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Alfred Hitchcock May Be a Moralist, but He Does Not Moralize

Hitchcock’s Moral Gaze argues that Hitchcock examined the darkest edges of his characters to help his audience understand their connection with the act of watching, gazing, and sometimes not connecting.

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Pixilated: Frank Capra's Columbia Years

Capra's films of the '30s are seminal works and cannot be underestimated; their influence on American film has been viral, forever infiltrating the structural and thematic templates of contemporary cinema.

Zeth Lundy
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Directed by John Ford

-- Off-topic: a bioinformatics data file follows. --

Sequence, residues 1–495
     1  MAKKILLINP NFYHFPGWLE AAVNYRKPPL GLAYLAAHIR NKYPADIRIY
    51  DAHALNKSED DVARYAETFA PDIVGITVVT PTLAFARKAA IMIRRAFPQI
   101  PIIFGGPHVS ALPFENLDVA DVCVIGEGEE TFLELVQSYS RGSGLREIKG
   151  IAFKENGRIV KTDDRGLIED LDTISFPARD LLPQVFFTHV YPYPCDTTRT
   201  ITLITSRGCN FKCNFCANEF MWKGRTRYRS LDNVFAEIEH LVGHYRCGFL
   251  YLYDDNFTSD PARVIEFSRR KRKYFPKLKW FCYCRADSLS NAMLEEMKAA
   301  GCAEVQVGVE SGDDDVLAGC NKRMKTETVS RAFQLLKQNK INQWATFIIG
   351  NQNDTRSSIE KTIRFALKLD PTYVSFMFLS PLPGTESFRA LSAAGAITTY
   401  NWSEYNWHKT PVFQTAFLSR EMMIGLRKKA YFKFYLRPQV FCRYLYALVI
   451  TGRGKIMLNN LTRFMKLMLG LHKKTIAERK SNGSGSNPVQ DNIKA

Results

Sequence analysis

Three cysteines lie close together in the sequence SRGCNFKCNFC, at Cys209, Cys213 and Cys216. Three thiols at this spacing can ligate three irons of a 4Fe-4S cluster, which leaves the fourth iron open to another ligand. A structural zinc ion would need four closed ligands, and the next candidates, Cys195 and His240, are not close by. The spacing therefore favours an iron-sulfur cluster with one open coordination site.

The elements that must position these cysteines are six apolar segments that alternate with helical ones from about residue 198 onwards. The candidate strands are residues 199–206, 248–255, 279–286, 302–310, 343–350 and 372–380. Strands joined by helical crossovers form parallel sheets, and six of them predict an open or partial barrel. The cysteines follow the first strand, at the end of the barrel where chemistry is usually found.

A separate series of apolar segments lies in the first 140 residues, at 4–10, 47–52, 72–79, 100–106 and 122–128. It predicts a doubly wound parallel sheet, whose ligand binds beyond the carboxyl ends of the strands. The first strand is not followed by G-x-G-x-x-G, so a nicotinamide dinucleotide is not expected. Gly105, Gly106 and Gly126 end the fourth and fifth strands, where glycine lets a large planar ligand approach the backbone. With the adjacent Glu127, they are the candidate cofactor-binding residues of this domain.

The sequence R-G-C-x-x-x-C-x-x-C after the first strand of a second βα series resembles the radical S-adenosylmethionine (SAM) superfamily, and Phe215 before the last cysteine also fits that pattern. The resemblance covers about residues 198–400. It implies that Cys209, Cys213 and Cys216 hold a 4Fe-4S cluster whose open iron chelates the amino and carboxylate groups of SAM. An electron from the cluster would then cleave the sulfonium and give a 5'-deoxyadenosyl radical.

Ford's brusque manner is well known, inspiring equal parts fear, respect, and awe among the many interviewees assembled for this look-back at his career and reputation.

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The Greatest Show on Earth (1952)

The circus crew is depicted as a cross between Santa's Workshop and the U.S. Army; they are impossibly virtuous, toiling endlessly for the delight of children.

Jesse Hassenger
Reviews

You Can't Take It With You (1938)

Reveals the liberation offered by non-alienating work and examines the matrices between class and gender, as few other films do.

Chris Robé
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